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Go for this sport, it’s good fun



Cosy twosome: Irrfan Khan, Soha Ali Khan

Film: Dil Kabaddi

Starcast: Irrfan Khan, Soha Ali Khan, Rahul Bose, Konkana Sen Sharma

Direction: Anil Senior

Quirky titles, forbidden turning familiar, this has been the year of experiments with morality. As the last month begins, Anil Senior, yet another debutant director, attempts ‘touch and go’ with evolving marital realities in urban India. Once it was akin to the longer version of the gentleman’s game, today in the breathless lanes of metros expression of love is quite close to the national sport.

With economic freedom comes the liberty to make your wishes come true. Couples no longer put effort to make marriages work. Very much like jobs, life partners have become easy to shift, difficult to sift. Morality pangs no longer strike them, society is never an issue. Let it go! is emerging as the new mantra. It is this irony that Anil weaves in with a comic touch. Early into the film, Irrfan Khan declares romance is not for married couples. This sets the pace. The man wants unbridled action but the wife is too concerned about the creases of the sheet to let it happen. The man refuses to realise that a dish can’t be sweet and spicy at the same time.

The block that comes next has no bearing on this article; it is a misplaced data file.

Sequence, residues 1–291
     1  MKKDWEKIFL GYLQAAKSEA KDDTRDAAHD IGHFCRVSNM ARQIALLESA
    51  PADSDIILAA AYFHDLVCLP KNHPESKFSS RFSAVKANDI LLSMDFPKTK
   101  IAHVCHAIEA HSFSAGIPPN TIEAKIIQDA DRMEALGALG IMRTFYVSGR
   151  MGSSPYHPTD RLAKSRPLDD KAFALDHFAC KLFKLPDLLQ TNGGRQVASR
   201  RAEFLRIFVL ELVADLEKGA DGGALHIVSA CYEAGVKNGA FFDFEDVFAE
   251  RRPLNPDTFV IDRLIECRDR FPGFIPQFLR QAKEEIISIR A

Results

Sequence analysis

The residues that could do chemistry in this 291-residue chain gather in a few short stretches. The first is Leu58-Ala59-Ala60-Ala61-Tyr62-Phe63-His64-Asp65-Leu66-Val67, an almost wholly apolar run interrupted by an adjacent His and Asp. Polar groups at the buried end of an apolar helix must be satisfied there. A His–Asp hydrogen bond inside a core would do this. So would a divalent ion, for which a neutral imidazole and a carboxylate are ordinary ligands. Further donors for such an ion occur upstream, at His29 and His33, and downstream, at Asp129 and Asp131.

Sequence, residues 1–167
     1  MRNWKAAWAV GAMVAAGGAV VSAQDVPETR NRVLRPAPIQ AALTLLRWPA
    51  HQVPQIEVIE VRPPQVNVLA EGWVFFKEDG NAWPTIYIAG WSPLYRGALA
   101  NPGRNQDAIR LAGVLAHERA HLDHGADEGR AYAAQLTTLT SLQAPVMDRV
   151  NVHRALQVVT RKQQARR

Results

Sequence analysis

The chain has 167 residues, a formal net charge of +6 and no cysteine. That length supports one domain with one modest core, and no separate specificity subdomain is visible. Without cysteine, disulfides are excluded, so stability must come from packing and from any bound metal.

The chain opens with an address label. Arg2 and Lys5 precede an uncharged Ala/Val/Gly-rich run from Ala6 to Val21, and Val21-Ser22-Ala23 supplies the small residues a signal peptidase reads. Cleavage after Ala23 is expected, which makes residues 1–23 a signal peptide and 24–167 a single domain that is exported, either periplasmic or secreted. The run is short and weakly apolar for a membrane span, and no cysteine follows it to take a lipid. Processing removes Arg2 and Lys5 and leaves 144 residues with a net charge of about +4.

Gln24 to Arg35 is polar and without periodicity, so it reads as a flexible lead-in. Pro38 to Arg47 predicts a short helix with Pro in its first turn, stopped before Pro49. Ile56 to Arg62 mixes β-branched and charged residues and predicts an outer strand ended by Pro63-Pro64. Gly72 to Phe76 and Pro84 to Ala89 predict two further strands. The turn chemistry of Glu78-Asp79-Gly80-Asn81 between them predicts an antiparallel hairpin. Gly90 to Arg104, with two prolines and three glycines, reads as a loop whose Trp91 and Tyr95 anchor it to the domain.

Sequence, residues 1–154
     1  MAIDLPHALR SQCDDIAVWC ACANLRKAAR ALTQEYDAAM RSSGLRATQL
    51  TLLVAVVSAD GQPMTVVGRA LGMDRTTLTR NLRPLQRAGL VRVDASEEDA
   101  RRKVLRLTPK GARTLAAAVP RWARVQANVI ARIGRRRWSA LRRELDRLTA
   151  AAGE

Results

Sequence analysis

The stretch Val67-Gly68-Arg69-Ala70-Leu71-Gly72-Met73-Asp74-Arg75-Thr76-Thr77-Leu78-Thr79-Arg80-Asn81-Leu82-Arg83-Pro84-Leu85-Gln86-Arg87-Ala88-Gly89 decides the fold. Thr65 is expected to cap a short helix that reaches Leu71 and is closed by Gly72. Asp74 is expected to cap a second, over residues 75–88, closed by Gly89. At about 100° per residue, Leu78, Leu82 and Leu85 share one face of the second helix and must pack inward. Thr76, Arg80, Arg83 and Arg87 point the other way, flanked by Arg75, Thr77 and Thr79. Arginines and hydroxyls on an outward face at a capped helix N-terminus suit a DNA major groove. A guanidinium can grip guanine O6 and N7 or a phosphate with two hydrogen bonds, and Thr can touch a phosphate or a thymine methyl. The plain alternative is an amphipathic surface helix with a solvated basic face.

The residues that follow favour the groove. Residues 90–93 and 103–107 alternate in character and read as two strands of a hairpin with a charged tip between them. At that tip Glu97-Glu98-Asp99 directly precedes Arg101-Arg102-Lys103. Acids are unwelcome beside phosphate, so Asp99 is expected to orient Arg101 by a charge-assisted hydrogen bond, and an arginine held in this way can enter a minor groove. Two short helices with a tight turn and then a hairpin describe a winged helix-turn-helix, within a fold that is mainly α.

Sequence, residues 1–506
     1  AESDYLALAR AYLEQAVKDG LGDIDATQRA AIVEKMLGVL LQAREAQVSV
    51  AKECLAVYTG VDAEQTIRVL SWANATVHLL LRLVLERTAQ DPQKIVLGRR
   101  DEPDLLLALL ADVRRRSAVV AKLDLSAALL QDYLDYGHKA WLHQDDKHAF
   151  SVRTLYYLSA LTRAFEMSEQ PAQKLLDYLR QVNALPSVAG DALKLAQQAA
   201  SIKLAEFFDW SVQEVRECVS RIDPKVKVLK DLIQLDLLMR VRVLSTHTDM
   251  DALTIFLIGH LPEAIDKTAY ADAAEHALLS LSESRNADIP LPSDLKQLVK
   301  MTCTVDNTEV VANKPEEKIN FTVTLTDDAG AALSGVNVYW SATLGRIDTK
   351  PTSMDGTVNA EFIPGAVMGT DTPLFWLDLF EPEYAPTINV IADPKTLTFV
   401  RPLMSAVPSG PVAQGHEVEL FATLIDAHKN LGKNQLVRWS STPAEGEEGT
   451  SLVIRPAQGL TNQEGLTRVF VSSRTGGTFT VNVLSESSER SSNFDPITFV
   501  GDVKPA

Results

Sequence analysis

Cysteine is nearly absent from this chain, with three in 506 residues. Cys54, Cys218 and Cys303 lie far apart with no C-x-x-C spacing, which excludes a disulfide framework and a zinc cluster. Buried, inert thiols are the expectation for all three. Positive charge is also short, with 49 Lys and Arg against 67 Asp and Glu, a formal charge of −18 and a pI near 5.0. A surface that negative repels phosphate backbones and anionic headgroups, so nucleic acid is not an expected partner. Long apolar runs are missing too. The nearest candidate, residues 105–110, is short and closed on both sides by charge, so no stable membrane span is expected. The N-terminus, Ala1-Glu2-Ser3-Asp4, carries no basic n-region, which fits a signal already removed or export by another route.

Anil is brazen at times, but precise all the way through. There are situations which appear a little outlandish, but in your heart of hearts you know we are reaching there. Plus he has got the casting spot on. In Irrfan and Soha Ali Khan and Rahul Bose and Konkona Sen Sharma he has got actors who love to get into the proverbial skin of the character. And the joy lies in the way he has cleverly poked fun at the media-generated images of his actors without losing touch with the job at hand.

Be it Soha’s cold image or Rahul Bose’s intellectual façade, Anil hasn’t spared anybody. Not even Konkona, who plays the passive aggressor to the hilt.

The girl wants to be in somebody else’s shoes, doesn’t show the desire still works towards it! The show stopper is undeniably unrestricted Irrfan. His synergy with Payal Rohatagi, who fits the role of a dumb damsel to the T, could have been the highlight of the film had Anil not allowed the element of profanity seeping into it.

Overall, “Dil Kabaddi” is good fun, except for those who carry probity to theatres.

ANUJ KUMAR

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